Microsoft Warns of F1 Site Attack

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A new security advisory from Microsoft warns about a risk involving any version of Internet Explorer on Windows 2000 and Windows XP that can allow a malicious Web site to infiltrate your PC.

The vulnerability, detailed in an advisory put out yesterday, allows a specially crafted site to essentially reach through Internet Explorer using VBScript to access "inherently unsafe" Windows Help files, according to a Microsoft Security Research & Defense post. An attack would display a dialog box that pushed you to hit F1, which is required to complete the attack.

According to US-Cert, an attack could come from a Web page, an HTML e-mail or an e-mail attachment, as long as Internet Explorer was used to display the file (IE's engine is often used to render HTML for other applications, even if you don't see the usual IE program window). Windows Server 2003 is affected as well, but the default IE configuration mitigates the threat. Windows Vista, Server 2008 and Windows 7 are not affected.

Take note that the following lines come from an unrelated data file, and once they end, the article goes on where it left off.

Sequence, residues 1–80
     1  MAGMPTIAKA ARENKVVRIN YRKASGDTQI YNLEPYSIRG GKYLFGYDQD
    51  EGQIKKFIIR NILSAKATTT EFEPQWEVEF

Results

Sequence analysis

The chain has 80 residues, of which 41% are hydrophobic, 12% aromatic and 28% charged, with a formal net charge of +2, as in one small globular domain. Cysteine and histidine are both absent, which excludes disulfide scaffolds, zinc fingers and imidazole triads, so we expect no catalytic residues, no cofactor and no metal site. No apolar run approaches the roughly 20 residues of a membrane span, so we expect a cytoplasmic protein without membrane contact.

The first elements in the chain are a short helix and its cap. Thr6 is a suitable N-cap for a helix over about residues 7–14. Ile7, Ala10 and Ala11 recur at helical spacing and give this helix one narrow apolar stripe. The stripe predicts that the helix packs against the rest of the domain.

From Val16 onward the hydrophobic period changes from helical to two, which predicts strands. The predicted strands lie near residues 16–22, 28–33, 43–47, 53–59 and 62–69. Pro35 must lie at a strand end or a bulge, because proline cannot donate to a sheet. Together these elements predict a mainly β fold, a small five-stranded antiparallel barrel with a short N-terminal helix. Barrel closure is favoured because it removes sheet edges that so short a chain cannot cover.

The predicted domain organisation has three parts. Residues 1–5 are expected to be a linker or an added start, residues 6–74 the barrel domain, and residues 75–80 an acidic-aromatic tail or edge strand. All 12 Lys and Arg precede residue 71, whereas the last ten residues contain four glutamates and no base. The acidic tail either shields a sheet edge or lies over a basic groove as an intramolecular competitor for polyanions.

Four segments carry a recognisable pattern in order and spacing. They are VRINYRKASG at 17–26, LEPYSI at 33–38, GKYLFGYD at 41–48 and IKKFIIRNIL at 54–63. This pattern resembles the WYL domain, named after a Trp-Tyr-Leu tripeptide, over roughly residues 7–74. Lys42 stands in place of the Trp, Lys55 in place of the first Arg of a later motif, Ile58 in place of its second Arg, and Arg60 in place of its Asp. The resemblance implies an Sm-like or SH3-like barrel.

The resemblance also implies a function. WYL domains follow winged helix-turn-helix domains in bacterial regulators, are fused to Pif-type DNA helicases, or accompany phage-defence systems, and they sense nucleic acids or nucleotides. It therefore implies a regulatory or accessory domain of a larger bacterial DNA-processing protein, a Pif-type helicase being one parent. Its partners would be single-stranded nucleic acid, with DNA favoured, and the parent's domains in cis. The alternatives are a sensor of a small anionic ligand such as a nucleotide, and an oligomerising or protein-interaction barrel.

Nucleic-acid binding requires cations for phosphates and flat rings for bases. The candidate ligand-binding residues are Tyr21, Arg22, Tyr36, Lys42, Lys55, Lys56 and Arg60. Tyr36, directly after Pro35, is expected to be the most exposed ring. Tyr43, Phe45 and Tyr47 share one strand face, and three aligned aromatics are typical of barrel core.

If you happen across a site that displays a message box that won't go away that exhorts you to hit F1, log off or use the Windows Task manager to close IE. Also, if you're comfortable working on the Windows command line, the MSRC post offers a command that can "lock down the legacy Windows Help system" to prevent it from loading and guard against this threat (all typed on one line):

cacls "%windir%\winhlp32.exe" /E /P everyone:N

And to reverse the change:

cacls "%windir%\winhlp32.exe" /E /R everyone

The post also lists more standard workarounds, such as changing IE intranet security zone settings, that can also help protect against potential attacks.

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